Ansible Automation Platform 2 – Navigating Ansible

With the advent of containerized execution environments in Ansible Automation Platform (AAP) 2, proper Ansible tooling becomes increasingly important. Let’s have a look at the new ansible-navigator utility!

AAP 2 moved the ansible runtime environment from local binaries to dedicated containers called execution environments. In previous blogposts of this series, we’ve already covered migrating from Ansible Tower to Controller (in German), and took our first steps with ansible-builder to create our own, customized containers. More information on building these EEs can also be found in the official project documentation (public), and in the Ansible Builder Guide (RedHat customers only).

Now, what happens if you want to use your execution environment not only from an Ansible Controller, but straight from the command-line? That’s where ansible-navigator comes into play!


You can install ansible-navigator as a Python package (pip3 install ansible-navigator --user), or from the Red Hat repositories if you have a valid AAP subscription (dnf install ansible-navigator).

At first sight, ansible-navigator may seem like a mere wrapper for tools like ansible-doc, ansible-inventory and ansible-config. And indeed, with ansible-navigator, you have the same possibilities. In the default behavior, ansible-navigator acts as a text-based user interface (TUI), meaning you can navigate through the output of your Ansible command in a much more convenient way (see also below for an example running a playbook). These basic navigator features translate to their respective legacy commands as follows:

Navigator usage Legacy usage
ansible-navigator doc -t lookup dig ansible-doc -t lookup dig
ansible-navigator inventory -i hosts ansible-inventory -i hosts
ansible-navigator config ansible-config dump

But there are several handy, new features as well: ansible-navigator allows to create an artifact file (JSON) containing all information of an Ansible run. You can then use this file to replay a playbook run. This mode of operation does not actually run Ansible again, but shows you what happened the last time. Furthermore, with ansible-navigator, you can inspect the content of existing EE images, and find information about installed collections.

Command Description
ansible-navigator replay \
Replay a past Ansible run with the information stored in an artifact JSON file.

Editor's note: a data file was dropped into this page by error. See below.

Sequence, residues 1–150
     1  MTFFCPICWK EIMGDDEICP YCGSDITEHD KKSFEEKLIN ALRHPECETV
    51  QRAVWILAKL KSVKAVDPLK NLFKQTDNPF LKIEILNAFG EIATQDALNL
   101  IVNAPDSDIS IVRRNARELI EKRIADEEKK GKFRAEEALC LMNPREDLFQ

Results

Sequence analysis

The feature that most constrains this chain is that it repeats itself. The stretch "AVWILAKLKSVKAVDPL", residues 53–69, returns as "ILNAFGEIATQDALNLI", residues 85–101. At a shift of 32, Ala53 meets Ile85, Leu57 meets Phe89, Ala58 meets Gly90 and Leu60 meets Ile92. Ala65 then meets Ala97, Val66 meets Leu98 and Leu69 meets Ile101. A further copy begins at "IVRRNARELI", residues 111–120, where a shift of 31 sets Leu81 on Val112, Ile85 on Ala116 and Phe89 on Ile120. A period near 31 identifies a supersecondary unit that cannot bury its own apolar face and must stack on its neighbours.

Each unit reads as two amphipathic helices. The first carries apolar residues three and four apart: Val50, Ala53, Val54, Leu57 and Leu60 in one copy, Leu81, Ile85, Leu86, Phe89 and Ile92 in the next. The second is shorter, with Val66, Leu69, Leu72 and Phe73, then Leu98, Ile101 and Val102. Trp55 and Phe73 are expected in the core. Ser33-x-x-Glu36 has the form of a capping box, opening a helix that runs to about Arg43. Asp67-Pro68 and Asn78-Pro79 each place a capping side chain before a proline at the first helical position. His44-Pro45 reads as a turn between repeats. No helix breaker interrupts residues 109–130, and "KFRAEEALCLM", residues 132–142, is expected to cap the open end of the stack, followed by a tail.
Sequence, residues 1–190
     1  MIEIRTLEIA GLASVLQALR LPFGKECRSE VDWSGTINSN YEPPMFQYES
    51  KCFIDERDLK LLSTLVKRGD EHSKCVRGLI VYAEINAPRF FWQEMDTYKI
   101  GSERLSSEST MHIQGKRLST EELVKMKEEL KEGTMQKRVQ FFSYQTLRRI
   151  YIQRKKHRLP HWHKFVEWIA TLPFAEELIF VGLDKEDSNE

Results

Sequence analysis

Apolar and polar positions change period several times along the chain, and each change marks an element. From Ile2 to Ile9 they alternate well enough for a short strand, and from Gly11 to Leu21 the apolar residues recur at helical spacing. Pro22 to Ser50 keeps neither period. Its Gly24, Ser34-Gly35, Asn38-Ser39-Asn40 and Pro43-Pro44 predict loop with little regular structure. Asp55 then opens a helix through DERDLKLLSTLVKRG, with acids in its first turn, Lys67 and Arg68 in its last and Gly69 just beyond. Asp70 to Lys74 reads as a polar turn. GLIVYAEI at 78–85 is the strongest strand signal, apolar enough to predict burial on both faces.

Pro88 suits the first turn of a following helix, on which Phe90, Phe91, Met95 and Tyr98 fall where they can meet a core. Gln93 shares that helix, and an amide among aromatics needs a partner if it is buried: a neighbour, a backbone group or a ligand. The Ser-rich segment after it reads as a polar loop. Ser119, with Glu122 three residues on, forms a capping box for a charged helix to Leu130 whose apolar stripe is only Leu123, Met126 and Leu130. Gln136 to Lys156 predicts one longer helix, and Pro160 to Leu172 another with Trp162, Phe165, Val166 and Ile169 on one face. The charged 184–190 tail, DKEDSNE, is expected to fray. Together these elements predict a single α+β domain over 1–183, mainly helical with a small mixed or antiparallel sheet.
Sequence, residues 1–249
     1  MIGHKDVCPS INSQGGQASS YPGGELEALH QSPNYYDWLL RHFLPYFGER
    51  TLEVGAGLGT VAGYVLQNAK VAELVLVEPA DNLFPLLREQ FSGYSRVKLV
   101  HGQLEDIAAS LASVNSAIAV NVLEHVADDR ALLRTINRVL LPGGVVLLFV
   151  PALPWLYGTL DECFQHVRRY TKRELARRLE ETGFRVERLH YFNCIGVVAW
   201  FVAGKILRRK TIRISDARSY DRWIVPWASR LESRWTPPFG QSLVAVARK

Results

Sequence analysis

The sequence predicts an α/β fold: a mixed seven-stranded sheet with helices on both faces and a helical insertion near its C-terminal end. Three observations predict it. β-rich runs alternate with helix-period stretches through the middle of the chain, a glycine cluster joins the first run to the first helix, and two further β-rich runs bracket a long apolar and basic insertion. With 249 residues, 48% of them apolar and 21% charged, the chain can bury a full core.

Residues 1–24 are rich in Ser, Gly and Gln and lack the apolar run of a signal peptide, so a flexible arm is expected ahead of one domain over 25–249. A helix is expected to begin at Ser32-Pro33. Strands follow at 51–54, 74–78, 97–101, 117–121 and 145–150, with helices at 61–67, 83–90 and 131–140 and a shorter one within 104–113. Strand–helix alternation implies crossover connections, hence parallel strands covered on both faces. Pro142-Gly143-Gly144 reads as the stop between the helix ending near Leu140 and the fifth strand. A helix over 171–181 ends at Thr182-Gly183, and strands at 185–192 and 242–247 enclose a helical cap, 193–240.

ansible-navigator images Inspect the content of an execution environment.
ansible-navigator collections Find information about installed collections.

The following example shows how to inspect the Ansible version and collections of a local execution environment named default-ee:

$ ansible-navigator images

Select 2 for inspecting the EE default-ee:

Select 2 again for inspecting the versions of Ansible and the collections:

Using Execution Environments

One of the important new features of ansible-navigator is the possibility to use execution environments to run playbooks. This means that Ansible is no longer run as a Python script on your computer, but the run is delegated to a container. When starting the container, the local directories with your SSH keys are mounted into the container, so it can connect to the hosts in your inventory. Note that when using EEs, the Ansible remote_user now defaults to root and not to the user that is running the ansible-navigator command. Therefore, if you want to run your playbook as eg. the user ansible, make sure to set remote_user = ansible in your ansible.cfg.

When using an EE, you can provide options at the command-line, or set up a local ansible-navigator.yml config file. The configuration file provides a lot of options to tune your Ansible run. The example below shows the required options for running Ansible in the EE default-ee with 20 forks, enabling colorful output, and using an ansible.cfg at a defined location:

$ cat ansible-navigator.yml
      path: /home/ansible/techlab/ansible.cfg
    cmdline: "--forks 20"
    enable: true
    enabled: true
    image: default-ee:latest
Now let’s run a sample playbook called container.yml!
$ ansible-navigator run container.yml
We can choose the first (and only) play in the sample playbook by pressing 0. Next, we can see all the tasks in this play:
We could go on from here, and drill down into the details of each task.

Do it yourself!

If you like to learn more about ansible-navigator and its companion ansible-builder, we recommend our labs at They are free to use. If you’d rather participate in a guided Ansible techlab with one of our experts, please get in touch!

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